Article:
Ten Commandments Commission Update: My Meeting with Religious Leaders in Canada
By Ron Wexler, President/CEO Ten Commandments Commission
Recently I met with religious leaders in Canada to discuss the goals and mission of the Ten Commandments Commission. There was never any doubt in my mind that the work of the commission in the U.S. was, from the very beginning, the need of the day.
Rabbi Joseph Kelman, founder of the Beit Emeth Synagogue in Toronto, one of Canada’s largest and most affluent Jewish congregations, spoke passionately about the importance of the Ten Commandments for the United States:
The Ten Commandments is the most important segment of the Bible. It is the Ten Commandments that gave, throughout the generations, inspiration and guidance to millions of Americans who did not necessarily see them as religious relics, but saw in them the base for the code of ethics and the means to advance American society. This helped the U.S. become the strongest and most powerful nation in the world. Removing the Ten Commandments from the public arena is destroying the fabric that made America so great.
An Anglican pastor added:
We need to celebrate the Ten Commandments in the way we live and display them in our daily walk. Removing the principles of the Ten Commandments from our way of life is in defiance to our core system of belief and possibly could bring to the demise of the western civilization. I am a Canadian Anglican pastor, but you can be rest assured that my sermon on May 7th will be based on the U.S. first annual Ten Commandments Day!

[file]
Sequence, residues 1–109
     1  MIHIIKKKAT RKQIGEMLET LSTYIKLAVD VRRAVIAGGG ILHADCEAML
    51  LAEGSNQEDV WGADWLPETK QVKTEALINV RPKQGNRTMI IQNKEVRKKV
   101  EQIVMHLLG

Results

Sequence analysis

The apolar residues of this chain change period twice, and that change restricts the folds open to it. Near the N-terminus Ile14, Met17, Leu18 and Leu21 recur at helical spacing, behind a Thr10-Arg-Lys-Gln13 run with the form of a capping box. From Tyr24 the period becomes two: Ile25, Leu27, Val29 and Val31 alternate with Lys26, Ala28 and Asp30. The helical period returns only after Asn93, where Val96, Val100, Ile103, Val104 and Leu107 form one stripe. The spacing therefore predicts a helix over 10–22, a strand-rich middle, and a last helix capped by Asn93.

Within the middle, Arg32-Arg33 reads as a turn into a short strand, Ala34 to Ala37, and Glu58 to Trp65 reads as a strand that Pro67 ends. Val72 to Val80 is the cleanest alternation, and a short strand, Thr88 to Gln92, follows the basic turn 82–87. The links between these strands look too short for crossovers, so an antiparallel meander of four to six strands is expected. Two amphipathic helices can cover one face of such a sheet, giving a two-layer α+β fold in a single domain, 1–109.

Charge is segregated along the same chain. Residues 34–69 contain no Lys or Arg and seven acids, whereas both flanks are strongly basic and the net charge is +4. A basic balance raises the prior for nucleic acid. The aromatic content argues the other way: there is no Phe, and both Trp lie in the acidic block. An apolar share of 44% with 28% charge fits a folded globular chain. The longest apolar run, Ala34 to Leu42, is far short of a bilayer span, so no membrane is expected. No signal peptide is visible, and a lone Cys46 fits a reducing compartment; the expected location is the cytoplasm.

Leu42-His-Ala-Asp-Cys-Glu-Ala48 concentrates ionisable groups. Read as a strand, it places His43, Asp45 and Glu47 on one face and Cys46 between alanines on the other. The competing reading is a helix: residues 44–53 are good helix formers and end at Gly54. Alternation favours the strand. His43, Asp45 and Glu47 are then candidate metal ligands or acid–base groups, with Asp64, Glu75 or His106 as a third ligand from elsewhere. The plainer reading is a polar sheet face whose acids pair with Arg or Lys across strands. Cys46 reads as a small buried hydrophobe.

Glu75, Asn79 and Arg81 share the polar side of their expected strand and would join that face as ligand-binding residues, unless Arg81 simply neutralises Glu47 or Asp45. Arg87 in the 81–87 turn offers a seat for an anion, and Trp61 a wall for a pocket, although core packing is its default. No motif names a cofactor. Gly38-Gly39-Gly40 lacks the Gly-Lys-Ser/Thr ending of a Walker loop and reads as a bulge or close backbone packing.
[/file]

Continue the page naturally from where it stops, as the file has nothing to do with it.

But today there exists a paradigm shift in our society that we are experiencing—a shift that must be stopped and reversed. James Madison, in one of his most powerful messages, said in 1778:
We have staked the whole future of American civilization, not upon the power of the government, far from it. We have staked the future upon the capacity of each and all of us to govern ourselves and to sustain ourselves, according to the Ten Commandments of God.
Article 3 of The Northwest Ordinance of 1787 contains the following statement:
Religion, morality and knowledge is necessary to good government and the happiness of mankind, schools and the means of education, shall forever be encouraged.
Are these all just American concepts entrusted to us by the forefathers of our nation? On my visit to Canada and during my meetings with the Canadian clergy I found out quickly enough that we Americans are not the only ones holding on to these principles. Our brothers and sisters in the north, Jews and gentiles alike, also have strong feelings about these issues.
I was reminded by our Canadian friends (to my astonishment) that the founding fathers of our nation, although wanting to prohibit a state church, encouraged a Judeo-Christian faith-based nation. It was also pointed out by one of the ministers that the concept of ‘separation of church and state’ was never a part of the AMERICAN CONSTITUTION! These were knowledgeable Canadians I might add.
I quickly realized (that which I believed all along) that our movement, led by the Ten Commandments Commission, is not at all just an American issue. This is bigger than America or Canada combined. This is a global issue that is commencing to bring the Word of God back to the nations.
The work of the commission does not and should not stop with our work in the U.S. Our work here is just the beginning of bringing the source of light unto the nations.